It is appellees' contention that the language of this provision would merely require that the applicant "pass" the examination in order to demonstrate sufficient merit to be worthy of promotion and that other factors such as physical agility, personal courage and leadership qualities could then be considered among

[ 433 Pa. Page 11]

    those who "pass" in deciding who shall and who shall not be promoted. Appellant rebuts this argument by pointing to the clear language of the statute itself. Appellant argues that if promotions are to be based on merit, i.e., with the most meritorious being promoted first, and merit is to be determined solely by the examination, as the statute explicitly prescribes, then it necessarily follows that the patrolman with the highest grade on the examination should be promoted first.

We believe that appellant must prevail. To adopt the interpretation of this language urged by appellees would torture the plain meaning of the statutory provision. Contrary to appellees' argument that merit "does not, by any stretch of the imagination mean first in a written examination," according to the statute, the only way to ascertain merit is by a written test. And since the act states that merit is to be the sole criterion for promotion, there is no reasonable manner in which the statute can be read to authorize the use of criteria other than those in the test.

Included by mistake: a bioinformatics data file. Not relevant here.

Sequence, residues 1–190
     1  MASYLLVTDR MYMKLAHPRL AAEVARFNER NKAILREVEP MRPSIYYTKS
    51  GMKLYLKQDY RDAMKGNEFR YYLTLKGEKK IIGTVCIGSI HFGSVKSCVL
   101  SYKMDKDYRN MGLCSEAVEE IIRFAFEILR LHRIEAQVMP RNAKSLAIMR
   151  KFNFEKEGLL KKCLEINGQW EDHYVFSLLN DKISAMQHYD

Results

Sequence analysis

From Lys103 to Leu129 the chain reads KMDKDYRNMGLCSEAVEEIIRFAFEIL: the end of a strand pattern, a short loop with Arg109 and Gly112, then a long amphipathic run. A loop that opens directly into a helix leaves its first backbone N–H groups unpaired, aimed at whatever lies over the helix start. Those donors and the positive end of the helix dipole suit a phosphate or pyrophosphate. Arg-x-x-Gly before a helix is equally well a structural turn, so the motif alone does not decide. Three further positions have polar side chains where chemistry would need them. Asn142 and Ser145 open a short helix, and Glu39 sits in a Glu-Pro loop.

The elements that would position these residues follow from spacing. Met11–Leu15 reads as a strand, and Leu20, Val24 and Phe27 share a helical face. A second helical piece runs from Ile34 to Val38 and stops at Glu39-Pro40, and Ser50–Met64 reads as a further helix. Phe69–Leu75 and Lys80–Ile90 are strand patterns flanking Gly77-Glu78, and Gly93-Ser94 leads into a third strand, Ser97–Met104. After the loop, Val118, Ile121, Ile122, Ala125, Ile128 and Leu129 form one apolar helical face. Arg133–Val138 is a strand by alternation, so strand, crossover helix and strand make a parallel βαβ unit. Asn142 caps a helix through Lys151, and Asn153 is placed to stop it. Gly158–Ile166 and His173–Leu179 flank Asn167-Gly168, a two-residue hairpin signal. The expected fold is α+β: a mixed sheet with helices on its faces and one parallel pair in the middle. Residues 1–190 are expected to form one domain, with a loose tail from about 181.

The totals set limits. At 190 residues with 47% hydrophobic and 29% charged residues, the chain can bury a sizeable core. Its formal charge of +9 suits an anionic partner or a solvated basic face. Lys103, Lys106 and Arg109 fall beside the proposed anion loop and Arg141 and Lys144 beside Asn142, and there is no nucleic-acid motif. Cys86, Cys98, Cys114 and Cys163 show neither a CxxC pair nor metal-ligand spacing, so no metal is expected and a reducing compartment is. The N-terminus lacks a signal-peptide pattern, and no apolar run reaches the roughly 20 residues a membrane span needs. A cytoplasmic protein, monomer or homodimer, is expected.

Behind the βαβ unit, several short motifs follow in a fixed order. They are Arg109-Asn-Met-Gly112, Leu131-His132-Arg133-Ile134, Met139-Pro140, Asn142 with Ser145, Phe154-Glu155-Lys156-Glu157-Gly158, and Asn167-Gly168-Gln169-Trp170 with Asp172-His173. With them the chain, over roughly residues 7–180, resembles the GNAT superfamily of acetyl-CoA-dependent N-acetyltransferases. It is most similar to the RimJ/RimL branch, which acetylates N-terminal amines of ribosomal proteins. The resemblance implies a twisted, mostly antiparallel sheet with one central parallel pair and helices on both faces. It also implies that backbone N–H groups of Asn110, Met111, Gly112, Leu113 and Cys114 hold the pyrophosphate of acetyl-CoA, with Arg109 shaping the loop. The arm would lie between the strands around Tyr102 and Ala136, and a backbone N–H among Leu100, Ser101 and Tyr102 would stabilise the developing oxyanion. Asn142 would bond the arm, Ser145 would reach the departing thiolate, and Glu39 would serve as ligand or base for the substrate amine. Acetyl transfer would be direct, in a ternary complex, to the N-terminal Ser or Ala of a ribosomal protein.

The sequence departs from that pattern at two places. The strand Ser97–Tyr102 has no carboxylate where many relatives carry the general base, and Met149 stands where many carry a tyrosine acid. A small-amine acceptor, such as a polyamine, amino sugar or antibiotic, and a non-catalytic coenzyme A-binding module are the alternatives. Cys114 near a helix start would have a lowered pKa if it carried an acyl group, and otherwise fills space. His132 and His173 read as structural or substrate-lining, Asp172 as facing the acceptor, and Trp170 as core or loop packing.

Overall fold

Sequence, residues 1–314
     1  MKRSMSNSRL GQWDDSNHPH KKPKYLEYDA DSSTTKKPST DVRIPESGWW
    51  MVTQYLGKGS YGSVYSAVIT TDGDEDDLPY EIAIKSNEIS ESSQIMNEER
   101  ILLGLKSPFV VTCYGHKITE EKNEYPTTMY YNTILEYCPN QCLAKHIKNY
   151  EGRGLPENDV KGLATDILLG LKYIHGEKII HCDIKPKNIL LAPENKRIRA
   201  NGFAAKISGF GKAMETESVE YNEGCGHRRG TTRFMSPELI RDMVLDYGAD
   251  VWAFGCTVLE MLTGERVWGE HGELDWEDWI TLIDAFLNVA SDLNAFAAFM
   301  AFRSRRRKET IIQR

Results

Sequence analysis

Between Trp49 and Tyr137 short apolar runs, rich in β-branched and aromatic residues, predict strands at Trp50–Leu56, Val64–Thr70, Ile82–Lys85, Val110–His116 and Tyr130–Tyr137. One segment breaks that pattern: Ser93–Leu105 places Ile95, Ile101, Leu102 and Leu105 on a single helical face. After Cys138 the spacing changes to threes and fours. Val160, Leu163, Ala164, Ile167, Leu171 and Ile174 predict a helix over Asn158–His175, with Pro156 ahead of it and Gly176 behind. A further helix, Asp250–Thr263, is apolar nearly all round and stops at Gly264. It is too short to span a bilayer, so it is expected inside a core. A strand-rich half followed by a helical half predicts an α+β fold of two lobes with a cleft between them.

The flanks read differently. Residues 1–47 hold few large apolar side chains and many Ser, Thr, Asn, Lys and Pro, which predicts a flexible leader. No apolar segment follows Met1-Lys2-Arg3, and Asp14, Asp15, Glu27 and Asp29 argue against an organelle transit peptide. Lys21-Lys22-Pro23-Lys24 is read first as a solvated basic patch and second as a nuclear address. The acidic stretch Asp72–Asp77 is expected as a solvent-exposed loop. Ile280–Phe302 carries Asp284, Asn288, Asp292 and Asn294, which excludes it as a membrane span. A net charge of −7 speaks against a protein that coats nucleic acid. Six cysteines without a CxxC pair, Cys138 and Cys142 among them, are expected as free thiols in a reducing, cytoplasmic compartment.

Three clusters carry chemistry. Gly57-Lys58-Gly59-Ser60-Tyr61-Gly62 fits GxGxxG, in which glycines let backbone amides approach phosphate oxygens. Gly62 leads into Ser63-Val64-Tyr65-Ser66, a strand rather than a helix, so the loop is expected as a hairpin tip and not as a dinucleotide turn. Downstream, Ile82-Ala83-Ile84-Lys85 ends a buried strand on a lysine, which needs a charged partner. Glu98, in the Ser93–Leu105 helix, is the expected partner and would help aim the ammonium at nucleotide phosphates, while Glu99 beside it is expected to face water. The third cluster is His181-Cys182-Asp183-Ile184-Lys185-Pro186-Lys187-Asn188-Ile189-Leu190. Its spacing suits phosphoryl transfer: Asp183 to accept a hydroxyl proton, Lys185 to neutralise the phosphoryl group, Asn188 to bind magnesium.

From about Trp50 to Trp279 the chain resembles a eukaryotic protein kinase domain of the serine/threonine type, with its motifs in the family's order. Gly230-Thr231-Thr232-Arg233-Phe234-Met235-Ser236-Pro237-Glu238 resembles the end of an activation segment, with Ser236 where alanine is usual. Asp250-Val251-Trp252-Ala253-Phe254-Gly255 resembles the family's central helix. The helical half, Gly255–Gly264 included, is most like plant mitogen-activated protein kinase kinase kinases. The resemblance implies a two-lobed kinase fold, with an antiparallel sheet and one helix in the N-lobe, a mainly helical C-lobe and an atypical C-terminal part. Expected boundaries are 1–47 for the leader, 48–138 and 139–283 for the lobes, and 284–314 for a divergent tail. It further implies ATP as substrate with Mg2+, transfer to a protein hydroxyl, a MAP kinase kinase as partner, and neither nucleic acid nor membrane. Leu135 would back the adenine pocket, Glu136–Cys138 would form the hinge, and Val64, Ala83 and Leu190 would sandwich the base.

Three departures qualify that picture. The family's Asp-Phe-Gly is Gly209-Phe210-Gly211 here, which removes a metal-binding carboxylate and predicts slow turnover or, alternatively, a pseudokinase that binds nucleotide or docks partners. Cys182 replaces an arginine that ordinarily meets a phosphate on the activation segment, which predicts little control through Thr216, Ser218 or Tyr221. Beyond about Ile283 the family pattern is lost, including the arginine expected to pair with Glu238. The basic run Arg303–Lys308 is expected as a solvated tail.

Further support for the appellant's position is found in a provision of the Second Class Cities Code where the Legislature explicitly established that factors other than the score on a written examination shall be used. "Promotions shall be based upon merit to be ascertained by tests to be provided by the civil service commission and upon the superior qualifications of the person to be promoted as shown by his previous service and experience." (Emphasis supplied.) Presumably if the Legislature intended merit to include nonwritten examination factors in second class counties it could have said so with this or similar language. Certainly words more capable of expressing this idea could have been found than that contained in the instant statute. The same conclusion may be drawn from the original appointment provision for second class counties. This